Gone are the days when players would just hit the nets and bowl five overs. South Africa are taking a progressive approach in the shorter format of the game and are searching for a brand of cricket to make their own. By ANT SIMS.
If you asked any old armchair cricketer what the South African cricket team’s “identity” is in the one-day format, chances are you’ll get the response that they’re chokers. Nearly-men, with a wealth of talent, who just aren’t good enough to get over the line in major tournaments, despite being able to apply themselves constantly in other thrilling and pressure situations.
The team has gone through some serious changes over the last few months with a whole host of new caps ushered into the side, some with great success, others with utter failure. In clichéd terms, it’s what is known as a “transitional phase” in sport. Some of the old guard have gone, some have been cast aside and this leaves the team with a volatile ebb and flow of vastly experienced veterans and complete rookies.
Farhaan Behardien is one of those rookies, in the one-day side anyway. He’s an experienced campaigner on the domestic circuit with nearly 100 List A games to his name and over 60 T20 matches. Behardien has paid his dues and is now reaping the rewards for his exploits on the domestic circuit. He’s played just three ODIs for South Africa and admits that every player coming through the revolving door is trying to cement his place in the team.
“I think it’s a transition. Every player who comes into the team is looking for a player to cement the spot in the team,” Behardien said.
He hit 34 off just 14 against Pakistan in the first ODI on Sunday, something which might have gone some way in helping him put his name on the team sheet without management thinking twice when the second ODI starts on Friday, but the 29-year old says he’s quite happy to have the backing of the whole team in order to go out and play his natural game.
“We get backed to express ourselves and we are supported if we don’t come off, because it won’t come off all the time. We have the backing of the management, players and the captain to play that role,” Behardien said.
While there is no special formula for any one player to make things work, Behardien says timing the acceleration of an innings is something which has worked for him, but admits that one has to be able to adjust according to the situation, especially against highly skilled bowlers like Umar Gul.
“Timing of acceleration is key and it’s taken me a while to find the formula, even if it’s not cast in stone. You have to play the situation. At international level, the bowlers have a lot more skill.”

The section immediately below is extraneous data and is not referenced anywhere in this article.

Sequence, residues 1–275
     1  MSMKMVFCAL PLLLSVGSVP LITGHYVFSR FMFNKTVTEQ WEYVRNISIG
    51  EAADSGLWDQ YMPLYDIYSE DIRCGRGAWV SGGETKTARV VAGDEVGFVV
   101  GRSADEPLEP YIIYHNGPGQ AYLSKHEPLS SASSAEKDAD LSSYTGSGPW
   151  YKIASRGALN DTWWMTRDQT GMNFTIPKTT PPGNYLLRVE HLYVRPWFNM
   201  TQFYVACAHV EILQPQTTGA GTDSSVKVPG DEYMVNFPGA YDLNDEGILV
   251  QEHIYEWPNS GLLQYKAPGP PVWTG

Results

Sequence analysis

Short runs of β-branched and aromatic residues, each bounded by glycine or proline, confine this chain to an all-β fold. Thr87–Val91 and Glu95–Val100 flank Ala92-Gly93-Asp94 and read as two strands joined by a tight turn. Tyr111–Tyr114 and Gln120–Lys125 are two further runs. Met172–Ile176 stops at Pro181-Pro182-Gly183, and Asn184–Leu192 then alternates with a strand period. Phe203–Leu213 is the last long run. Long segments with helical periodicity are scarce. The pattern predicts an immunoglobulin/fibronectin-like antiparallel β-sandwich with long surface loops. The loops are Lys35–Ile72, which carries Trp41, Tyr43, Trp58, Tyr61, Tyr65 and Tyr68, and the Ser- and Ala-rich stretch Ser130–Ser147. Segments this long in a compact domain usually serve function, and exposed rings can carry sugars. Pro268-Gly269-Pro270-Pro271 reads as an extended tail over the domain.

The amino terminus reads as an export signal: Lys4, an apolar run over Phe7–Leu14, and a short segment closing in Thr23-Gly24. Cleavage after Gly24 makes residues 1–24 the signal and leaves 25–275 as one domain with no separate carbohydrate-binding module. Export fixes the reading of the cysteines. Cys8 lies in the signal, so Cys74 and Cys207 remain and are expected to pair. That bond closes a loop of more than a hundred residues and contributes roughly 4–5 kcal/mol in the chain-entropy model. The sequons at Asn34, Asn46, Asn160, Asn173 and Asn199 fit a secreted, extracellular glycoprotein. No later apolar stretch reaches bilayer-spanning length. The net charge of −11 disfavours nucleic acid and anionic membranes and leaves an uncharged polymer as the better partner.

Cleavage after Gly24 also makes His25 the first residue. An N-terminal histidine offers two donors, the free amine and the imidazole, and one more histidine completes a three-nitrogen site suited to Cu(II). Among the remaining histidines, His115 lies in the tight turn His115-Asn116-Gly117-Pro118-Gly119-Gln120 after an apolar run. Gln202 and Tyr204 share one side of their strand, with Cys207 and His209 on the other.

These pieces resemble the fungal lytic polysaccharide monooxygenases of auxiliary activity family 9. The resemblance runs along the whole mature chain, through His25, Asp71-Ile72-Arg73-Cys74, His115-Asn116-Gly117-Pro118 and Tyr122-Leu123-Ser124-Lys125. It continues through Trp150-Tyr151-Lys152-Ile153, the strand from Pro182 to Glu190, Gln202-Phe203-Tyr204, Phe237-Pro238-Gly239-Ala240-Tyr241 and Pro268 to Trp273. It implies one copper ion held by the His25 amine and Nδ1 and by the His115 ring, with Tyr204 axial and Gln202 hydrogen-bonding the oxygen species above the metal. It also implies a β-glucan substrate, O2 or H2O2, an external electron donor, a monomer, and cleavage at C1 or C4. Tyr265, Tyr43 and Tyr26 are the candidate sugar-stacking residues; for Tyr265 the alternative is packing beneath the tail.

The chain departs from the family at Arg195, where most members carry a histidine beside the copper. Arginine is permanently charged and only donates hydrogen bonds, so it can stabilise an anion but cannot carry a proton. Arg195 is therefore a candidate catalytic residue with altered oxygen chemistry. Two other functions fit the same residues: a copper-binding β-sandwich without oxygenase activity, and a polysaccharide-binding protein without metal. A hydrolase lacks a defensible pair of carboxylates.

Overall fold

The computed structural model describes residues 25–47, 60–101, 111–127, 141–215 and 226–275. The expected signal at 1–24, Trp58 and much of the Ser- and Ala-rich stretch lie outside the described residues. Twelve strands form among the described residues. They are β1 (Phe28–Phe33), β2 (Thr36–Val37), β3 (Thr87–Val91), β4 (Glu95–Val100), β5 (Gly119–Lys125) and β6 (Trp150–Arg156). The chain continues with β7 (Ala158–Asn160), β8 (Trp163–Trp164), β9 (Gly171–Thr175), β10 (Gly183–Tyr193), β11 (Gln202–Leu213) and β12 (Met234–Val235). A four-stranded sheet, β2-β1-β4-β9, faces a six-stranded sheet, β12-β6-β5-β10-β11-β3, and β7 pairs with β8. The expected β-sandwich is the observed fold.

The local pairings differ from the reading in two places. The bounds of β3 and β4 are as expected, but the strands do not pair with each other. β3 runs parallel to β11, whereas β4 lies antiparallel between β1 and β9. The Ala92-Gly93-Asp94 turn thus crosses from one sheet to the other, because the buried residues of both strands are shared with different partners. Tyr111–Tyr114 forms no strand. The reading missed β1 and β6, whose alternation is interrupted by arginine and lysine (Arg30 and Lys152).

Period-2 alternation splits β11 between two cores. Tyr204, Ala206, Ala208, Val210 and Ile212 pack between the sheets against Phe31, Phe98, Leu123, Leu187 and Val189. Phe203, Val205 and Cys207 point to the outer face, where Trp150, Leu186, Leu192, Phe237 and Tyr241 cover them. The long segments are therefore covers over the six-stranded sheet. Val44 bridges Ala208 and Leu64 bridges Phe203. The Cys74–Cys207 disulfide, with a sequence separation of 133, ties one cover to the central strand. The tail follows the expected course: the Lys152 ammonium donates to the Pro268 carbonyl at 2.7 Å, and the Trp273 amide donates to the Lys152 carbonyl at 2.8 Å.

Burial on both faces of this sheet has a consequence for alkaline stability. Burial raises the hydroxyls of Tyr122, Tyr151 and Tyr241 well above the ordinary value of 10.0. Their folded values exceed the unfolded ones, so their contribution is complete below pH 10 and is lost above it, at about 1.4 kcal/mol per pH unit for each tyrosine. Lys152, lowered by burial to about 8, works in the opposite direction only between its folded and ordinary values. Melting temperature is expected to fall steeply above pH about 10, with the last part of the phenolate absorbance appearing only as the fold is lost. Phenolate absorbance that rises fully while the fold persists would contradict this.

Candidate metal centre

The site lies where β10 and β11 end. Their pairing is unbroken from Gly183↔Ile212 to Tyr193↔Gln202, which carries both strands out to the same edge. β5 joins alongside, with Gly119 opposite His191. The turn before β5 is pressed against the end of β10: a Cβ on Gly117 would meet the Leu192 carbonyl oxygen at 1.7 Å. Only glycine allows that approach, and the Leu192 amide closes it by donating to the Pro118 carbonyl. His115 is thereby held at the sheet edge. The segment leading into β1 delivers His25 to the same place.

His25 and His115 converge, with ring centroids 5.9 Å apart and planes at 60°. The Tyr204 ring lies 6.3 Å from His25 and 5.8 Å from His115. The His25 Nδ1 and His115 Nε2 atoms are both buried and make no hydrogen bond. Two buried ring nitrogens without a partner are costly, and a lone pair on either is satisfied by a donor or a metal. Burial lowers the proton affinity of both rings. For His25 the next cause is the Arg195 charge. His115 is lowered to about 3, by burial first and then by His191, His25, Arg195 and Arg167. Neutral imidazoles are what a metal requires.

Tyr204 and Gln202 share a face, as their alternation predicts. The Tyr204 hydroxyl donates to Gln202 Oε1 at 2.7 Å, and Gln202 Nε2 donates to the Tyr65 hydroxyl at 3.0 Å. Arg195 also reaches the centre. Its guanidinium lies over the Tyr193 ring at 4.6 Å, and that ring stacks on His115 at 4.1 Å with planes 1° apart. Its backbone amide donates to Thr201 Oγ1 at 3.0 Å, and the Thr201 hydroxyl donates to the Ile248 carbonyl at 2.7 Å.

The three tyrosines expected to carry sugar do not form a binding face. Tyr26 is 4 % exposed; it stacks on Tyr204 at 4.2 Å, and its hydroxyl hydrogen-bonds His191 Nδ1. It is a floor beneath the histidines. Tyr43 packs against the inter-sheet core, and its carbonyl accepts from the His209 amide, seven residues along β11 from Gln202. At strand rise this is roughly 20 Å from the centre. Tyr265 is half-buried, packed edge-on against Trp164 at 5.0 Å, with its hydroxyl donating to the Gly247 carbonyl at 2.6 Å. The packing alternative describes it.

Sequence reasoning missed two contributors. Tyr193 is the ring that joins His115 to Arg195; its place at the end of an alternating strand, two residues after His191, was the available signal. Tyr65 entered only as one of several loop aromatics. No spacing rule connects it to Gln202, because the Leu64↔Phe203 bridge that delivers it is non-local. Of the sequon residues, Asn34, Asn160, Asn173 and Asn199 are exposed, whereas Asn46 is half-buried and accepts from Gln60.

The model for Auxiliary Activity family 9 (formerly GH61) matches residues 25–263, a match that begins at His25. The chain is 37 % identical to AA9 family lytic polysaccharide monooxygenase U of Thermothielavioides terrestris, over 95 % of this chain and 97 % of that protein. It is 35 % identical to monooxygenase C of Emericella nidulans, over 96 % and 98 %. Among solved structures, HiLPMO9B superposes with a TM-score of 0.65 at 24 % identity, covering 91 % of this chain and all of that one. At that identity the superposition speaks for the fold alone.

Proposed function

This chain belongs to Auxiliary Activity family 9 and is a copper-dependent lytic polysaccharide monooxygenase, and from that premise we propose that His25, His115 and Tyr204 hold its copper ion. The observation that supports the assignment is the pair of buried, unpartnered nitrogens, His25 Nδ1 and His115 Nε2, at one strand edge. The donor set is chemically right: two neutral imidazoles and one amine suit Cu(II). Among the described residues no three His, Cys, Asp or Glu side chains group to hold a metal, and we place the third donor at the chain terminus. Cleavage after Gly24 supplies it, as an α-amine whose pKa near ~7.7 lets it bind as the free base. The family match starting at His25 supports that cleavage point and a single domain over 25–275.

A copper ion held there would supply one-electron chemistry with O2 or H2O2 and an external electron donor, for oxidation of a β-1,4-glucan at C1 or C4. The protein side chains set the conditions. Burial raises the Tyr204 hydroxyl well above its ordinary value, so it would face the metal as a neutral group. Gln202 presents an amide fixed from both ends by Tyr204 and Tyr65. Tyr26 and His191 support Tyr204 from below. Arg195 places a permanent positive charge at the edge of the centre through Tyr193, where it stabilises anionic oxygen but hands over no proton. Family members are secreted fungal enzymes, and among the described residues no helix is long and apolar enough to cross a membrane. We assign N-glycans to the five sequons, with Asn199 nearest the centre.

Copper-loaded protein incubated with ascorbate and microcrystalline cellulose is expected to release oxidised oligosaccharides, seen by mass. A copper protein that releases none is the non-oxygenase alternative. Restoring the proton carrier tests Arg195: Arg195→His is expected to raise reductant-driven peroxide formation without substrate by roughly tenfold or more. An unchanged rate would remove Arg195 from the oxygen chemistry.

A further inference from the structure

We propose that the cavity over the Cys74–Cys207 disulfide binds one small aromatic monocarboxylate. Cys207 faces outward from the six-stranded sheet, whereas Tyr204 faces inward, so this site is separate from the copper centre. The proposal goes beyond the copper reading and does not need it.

Behardien also believes that times are changing in the South African camp and the team is moving away from the predictable conservatism that once characterised the side. South Africa are looking to find a brand of cricket which suits them and being fierce is certainly in their sights.
“We want to take the ball forward in white-ball cricket. In the past we’ve been quite conservative, but it’s quite a busy year for us. We want to try and establish a one-day and T20 culture. We want to try and do things a little bit different and find something we can call our own. Being attacking is one of those philosophies,” said Behardien.
One way of being so fiercely attacking is by perfecting the art of a yorker. This is something bowling coach Allan Donald wants to see his charges improve on. Gone are the days of just banging in five overs in the nets; the Proteas now focus on creating game scenarios in training to help them prepare better.
“We’ve gone away from having normal nets sessions where guys go and just bowl their five overs. We’re moving more towards scenarios and executing skills under pressure,” Donald revealed.
“Death bowling is something we want to be concentrating on massively. We try to do that with a batting strip and monitor it very carefully. We video the sessions, too. We want a collective group of guys who, if they are thrown the ball, they can execute yorkers at will at any stage.”
Donald insists that he needs a group of players who can bowl the yorker when they’re called upon, instead of simply relying on a strike bowler like Dale Steyn to do the damage.
“If Dale’s number is up at one day, we will need somebody else to do it. We’re looking for a collective upskill in bowling yorkers. I think that’s been our let- down a little bit in the past, especially when defending a total. We’re also practicing with a ball that is reversing and one that’s not reversing, but nailing yorkers is our number one priority.” DM
Photo: South Africa’s Hashim Amla (R) makes a run with his teammate Graeme Smith during their one-day international cricket match against Pakistan in Bloemfontein March 10, 2013. REUTERS/Siphiwe Sibeko
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